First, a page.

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'We're in the rehabilitation business'

By JACOB H. FRIES, Times Staff Writer
Published September 24, 2007


Major Alexis Davis looks around an overcrowded infirmary with facility manager Captain Timothy Downs while touring the new Pinellas County Jail Health Care Facility in Largo. Davis has been tapped to take over the Pinellas County Jail, the first woman to do so.
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[MARTHA RIAL | Times]
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[MARTHA RIAL | Times]
Major Alexis Davis pauses to speak with a female inmate who is under close observation.

LARGO - One thing you can say about working in a jail. You never cease to be surprised.

Just ask Alexis Davis.

She started at the Pinellas County Jail in 1982, rose through the ranks and became a captain 14 years later. Now, at the end of this week, she will be promoted to major and will assume control of the entire jail, the first woman to hold the position. She'll oversee a staff of 1,240, a budget of $131-million and 3,400 inmates a day.

But even with all her experience, the work keeps her on her toes. On Friday, while touring the jail's new medical building with a reporter, she learned that a suicidal inmate had just smashed his dentures to pieces and used them to slice his arms.

He survived. But Davis, 53, could only shake her head.

"That's a new one!"

You have a degree in education, so why did you decide to work in a jail?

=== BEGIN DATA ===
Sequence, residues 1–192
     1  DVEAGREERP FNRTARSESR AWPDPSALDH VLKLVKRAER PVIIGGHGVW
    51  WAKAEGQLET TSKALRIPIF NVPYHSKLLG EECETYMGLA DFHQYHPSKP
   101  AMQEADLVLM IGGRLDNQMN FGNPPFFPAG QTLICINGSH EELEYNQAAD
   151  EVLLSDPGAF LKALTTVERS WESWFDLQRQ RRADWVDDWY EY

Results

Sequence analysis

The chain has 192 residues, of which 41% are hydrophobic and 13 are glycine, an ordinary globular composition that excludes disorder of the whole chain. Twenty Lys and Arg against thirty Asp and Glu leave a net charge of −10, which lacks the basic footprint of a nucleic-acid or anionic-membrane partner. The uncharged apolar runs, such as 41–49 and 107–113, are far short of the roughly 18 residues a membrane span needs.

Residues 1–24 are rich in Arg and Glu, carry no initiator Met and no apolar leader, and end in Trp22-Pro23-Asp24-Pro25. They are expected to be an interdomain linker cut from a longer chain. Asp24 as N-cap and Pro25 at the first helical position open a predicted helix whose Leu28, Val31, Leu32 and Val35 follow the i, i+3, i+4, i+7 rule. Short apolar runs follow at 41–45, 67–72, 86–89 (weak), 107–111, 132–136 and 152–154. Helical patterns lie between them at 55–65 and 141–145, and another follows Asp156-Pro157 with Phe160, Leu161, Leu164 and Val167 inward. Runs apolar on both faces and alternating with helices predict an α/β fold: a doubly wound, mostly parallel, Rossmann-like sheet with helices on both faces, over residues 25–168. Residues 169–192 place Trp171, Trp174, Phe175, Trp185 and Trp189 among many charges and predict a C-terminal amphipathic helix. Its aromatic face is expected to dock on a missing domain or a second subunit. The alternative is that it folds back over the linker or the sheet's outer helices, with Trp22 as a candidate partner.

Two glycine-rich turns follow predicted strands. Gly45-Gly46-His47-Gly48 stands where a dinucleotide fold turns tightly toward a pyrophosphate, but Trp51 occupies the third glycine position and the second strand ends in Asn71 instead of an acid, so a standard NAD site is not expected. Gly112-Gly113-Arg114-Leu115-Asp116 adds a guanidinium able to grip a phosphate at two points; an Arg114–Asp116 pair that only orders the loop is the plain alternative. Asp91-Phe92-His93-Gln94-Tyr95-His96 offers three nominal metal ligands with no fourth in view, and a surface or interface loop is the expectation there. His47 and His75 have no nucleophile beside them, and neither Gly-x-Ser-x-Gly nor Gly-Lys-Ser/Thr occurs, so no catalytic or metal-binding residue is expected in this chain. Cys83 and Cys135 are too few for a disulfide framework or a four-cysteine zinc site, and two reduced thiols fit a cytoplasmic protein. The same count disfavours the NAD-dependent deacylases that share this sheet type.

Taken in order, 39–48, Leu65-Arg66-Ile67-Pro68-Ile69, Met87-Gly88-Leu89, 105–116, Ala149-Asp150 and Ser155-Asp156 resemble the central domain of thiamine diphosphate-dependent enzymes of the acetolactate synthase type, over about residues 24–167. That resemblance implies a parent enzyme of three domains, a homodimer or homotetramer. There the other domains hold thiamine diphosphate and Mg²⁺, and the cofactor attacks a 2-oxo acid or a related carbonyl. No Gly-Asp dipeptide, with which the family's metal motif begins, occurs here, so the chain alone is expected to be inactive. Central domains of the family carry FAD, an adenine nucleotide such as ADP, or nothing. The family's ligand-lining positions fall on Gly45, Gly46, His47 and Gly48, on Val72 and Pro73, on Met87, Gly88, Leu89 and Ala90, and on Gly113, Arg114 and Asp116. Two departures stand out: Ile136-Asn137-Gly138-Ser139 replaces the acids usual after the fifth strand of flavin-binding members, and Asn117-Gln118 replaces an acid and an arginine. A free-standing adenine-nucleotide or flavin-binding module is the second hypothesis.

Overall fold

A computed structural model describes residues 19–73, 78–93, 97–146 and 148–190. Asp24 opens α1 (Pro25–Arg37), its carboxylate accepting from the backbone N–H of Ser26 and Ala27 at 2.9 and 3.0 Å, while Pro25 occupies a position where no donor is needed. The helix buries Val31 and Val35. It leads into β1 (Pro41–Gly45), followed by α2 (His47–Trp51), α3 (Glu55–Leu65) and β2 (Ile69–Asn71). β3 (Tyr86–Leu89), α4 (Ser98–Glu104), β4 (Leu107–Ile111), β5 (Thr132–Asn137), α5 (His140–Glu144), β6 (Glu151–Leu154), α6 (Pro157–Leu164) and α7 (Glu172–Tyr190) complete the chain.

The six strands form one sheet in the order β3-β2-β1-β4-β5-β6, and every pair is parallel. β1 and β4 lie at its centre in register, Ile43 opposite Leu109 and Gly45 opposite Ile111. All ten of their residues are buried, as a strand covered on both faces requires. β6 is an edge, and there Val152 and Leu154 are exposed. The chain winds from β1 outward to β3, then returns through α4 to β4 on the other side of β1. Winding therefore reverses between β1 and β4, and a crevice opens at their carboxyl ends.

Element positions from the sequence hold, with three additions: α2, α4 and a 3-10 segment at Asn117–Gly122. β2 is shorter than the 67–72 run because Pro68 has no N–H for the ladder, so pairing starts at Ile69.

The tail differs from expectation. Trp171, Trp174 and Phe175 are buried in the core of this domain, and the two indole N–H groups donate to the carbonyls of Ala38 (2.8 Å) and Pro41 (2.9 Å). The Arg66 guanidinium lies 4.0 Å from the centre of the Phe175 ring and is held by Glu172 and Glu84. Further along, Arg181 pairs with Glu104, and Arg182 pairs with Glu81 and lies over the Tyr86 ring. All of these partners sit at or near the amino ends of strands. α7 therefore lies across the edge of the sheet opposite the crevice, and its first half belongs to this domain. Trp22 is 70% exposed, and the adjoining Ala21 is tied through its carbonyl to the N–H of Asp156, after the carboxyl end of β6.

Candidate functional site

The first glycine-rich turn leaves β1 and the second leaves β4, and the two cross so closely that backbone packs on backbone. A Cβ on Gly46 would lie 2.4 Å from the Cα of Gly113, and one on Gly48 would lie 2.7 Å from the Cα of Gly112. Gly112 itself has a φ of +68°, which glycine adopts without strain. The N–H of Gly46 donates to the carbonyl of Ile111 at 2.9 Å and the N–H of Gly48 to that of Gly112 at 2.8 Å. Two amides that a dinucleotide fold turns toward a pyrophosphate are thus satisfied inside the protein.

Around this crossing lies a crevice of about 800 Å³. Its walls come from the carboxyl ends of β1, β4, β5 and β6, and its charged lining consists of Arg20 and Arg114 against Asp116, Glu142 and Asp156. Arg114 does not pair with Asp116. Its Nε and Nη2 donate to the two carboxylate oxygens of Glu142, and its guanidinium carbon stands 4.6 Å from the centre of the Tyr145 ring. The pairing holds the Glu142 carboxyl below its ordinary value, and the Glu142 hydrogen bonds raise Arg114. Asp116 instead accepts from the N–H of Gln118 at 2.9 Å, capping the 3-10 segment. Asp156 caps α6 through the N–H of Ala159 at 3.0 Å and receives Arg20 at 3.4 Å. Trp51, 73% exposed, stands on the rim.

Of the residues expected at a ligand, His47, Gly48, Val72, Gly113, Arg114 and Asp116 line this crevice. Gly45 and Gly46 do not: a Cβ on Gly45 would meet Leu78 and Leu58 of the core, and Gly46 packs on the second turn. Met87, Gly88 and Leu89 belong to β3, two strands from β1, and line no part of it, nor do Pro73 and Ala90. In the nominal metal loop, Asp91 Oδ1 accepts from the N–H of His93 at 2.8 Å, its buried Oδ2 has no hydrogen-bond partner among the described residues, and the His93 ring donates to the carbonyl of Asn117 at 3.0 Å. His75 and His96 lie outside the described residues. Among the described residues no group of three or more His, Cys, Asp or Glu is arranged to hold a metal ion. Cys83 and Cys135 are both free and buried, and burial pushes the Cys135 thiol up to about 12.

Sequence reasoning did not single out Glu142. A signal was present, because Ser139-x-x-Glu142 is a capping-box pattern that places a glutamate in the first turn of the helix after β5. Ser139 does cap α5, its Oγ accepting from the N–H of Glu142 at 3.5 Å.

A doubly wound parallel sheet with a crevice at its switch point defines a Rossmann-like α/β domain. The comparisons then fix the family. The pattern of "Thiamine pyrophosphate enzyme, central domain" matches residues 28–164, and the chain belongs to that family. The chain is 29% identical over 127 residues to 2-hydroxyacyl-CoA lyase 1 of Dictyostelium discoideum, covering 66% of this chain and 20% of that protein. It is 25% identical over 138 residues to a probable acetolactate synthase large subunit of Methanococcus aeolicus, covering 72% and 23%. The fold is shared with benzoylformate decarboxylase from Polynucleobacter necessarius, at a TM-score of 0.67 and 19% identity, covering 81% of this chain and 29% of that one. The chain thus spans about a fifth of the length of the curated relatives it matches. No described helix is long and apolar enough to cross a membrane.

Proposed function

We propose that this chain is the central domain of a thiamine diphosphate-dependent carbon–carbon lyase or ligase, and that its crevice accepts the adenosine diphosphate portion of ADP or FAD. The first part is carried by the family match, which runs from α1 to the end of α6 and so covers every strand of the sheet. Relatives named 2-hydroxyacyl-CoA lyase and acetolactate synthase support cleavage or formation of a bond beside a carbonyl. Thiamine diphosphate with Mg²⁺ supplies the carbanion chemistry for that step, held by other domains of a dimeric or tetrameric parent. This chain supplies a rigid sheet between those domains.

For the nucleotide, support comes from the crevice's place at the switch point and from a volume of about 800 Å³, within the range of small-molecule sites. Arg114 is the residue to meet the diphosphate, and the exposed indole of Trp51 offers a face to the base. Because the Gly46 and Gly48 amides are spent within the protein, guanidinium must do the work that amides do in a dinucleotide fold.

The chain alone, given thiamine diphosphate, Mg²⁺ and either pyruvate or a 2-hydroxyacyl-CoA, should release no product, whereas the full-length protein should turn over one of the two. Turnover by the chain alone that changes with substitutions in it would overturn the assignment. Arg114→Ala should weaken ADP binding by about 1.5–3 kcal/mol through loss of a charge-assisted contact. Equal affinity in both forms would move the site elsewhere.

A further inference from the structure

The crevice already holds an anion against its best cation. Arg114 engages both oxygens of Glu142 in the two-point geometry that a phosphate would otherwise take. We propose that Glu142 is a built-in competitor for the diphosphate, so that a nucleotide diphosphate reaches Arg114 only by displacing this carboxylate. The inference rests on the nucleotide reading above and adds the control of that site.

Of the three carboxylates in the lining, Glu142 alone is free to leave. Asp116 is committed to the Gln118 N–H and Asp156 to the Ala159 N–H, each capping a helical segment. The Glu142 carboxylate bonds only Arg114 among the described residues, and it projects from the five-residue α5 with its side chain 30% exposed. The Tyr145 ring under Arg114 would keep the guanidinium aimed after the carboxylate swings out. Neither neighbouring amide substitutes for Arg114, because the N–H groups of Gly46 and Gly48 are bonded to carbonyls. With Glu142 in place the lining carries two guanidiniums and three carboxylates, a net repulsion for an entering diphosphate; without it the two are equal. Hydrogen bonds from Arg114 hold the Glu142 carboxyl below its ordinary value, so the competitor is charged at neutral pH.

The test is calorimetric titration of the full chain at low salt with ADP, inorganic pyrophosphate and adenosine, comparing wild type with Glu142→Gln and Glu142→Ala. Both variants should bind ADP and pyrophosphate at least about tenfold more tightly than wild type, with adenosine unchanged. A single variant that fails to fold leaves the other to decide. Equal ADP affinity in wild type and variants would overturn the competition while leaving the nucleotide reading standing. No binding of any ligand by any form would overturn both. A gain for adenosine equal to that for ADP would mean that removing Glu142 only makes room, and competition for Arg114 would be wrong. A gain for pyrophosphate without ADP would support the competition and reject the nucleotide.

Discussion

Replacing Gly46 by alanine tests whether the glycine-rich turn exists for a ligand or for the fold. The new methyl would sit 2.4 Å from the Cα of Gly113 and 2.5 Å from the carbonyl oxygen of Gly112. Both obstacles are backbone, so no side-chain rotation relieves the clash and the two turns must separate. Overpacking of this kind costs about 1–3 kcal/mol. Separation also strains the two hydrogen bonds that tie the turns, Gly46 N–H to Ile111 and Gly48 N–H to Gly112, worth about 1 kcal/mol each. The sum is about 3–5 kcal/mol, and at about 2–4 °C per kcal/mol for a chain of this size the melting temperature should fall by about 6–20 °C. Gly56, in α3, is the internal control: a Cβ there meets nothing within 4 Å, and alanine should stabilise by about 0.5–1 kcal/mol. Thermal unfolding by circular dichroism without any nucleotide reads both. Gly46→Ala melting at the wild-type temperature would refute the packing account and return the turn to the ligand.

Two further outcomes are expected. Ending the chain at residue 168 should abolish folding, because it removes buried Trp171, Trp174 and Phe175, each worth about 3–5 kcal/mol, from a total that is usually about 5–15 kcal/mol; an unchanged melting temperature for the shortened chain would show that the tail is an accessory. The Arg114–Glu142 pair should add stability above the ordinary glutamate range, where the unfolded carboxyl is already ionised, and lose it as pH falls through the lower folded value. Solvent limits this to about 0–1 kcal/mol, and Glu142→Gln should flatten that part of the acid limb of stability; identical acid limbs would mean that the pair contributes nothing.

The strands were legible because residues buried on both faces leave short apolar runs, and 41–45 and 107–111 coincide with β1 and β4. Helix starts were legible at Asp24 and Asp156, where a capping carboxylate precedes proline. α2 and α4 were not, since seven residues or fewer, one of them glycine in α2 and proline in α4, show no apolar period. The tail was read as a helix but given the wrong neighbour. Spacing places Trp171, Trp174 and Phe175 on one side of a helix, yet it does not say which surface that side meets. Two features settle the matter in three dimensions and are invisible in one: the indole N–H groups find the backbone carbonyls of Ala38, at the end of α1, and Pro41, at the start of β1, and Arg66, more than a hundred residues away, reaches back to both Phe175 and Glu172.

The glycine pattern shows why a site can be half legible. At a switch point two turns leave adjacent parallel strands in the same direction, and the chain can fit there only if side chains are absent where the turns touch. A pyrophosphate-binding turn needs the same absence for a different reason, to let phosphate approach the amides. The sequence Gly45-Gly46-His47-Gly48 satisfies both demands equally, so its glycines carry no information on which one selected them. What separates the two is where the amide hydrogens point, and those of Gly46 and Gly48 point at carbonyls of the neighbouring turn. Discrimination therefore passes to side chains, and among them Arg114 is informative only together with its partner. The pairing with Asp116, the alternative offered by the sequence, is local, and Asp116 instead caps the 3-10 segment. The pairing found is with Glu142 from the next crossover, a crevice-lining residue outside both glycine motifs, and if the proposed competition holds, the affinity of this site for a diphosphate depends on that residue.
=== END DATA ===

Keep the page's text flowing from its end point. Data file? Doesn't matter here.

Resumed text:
My sister got a job here, and I had been laid off in Alabama. That's how I ended up here. It was a job at the time. I needed one. It was the first time I had been in a jail, and I was ready to turn around and walk out the door the first few days. But in time, it became interesting - interacting with people.

What are your top three priorities as you assume this new position?

One, of course, is overcrowding. And then there's recidivism because, for me, to affect overcrowding, recidivism has to change. Hopefully what we do will affect that. ... My other goal is to increase the number of training opportunities that we offer here.

How has the mission of the county jail changed in your 25 years?

Overall, I'm not sure, but for me it's changed. We're now managing inmates instead of warehousing them. I believe we're in the rehabilitation business whether we want to be in it or not.

How has the profile of the average inmate changed?

I see them getting younger and younger, both males and females, and more mothers. I mean they're 18, 19 years old. It's crazy.

What effect does it have on a deputy to see the same inmates return to the jail again and again?

We try not to be judgmental or get too involved, but when you see the same ones ... it's really sad.

If money were limitless, how would you improve the jail?

More education. Something like a trade. I'd give them something they can quickly use to get jobs on the outside.

Being the first woman to run the Pinellas County Jail, do you feel any additional pressure?

No, absolutely not. I never really thought about it.

Jacob H. Fries can be reached at jfries@sptimes.com or 727 893-8872.

[Last modified September 23, 2007, 22:41:27]


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